The Telegraph
Wednesday , July 9 , 2014
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Puddle drowns I-Day pledge
State yet to gift school pucca approach road

Promises are hardly fulfilled in Jharkhand and delay is the order of the day in Ranchi — facts even a child knows

And why wouldn’t they? After all, more than 3,500 students of DAV Kapildev School, a reputable cradle in Kadru in the heart of Ranchi, are still waiting for their Independence Day gift — a 400-metre road in front of their school that then urban development secretary Arun Kumar Singh had promised.

“I simply do not understand why the government makes false promises. Last year, on the occasion of Independence Day, the then urban development secretary Arun Kumar Singh had come to our school and promised us that he would soon take steps to construct an approach road. But, nothing has been done so far,” a schoolgirl was overheard saying to her friends on Tuesday while negotiating a puddle and pothole-riddled road to reach her school.

Sharing a joke on the callous attitude of government officials, her friend added, “If it takes so long to fulfil the promise of a 400m road, one should not even expect big projects to be ever completed in this state.”

When contacted, school principal M.K. Sinha confirmed what the girls were discussing. “Urban development secretary had indeed promised a 400m approach road while addressing students on the occasion of Independence Day last year. It’s been more than 10 months and construction work has not even started. I am happy that my students have started realising the limitation of Jharkhand government. They rightly pointed out the delay. I will give a reminder to the authorities concerned for the construction of the thoroughfare. After all, we also pay road tax,” said Sinha.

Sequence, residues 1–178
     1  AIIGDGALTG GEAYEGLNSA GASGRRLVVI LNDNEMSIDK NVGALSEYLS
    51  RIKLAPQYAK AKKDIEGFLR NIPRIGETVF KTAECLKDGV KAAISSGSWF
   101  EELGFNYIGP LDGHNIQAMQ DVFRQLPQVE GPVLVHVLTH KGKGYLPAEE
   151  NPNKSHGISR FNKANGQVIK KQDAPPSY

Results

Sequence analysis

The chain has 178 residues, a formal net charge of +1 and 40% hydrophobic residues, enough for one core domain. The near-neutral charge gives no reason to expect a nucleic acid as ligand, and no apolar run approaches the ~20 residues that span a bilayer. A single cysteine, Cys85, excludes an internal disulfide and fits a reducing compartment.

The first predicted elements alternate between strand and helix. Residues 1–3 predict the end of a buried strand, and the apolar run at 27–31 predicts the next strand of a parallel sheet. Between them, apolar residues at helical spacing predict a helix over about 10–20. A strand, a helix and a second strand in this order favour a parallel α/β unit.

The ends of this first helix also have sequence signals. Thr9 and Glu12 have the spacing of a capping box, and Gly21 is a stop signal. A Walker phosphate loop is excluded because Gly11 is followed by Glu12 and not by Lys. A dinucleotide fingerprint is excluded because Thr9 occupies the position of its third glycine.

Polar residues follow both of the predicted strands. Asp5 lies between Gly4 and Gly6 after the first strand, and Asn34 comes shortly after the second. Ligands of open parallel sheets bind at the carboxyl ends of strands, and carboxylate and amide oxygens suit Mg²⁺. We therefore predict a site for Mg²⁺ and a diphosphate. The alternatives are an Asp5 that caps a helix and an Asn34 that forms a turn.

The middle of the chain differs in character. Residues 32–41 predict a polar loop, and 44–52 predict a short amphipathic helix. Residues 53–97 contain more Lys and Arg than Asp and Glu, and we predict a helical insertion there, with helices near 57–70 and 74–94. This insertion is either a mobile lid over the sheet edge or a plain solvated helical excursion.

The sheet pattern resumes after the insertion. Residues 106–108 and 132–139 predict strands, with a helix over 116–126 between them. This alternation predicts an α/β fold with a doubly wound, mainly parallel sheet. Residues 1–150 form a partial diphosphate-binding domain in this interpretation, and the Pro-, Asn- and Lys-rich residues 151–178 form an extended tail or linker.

The school falls under ward No. 29 of RMC. At present, the road that leads up to the cradle is in poor condition. Children are forced to negotiate yawning craters, puddles and potholes and risk their lives and limbs.

Crying helplessness, RMC councillor Pradeep Agarwal said, “On the direction of the then urban development secretary, the stretch was measured and it was estimated that around Rs 12 lakh will be required for the construction of the road. But, the amount was never provided and hence construction could not even start.”

When contacted, chief executive officer of RMC Manoj Kumar, who is supposed to undertake the road construction work, minced his words carefully. “The road will definitely be constructed. But, at present, I cannot say when,” said Kumar, who was clearly irritated when The Telegraph called him up on his mobile.

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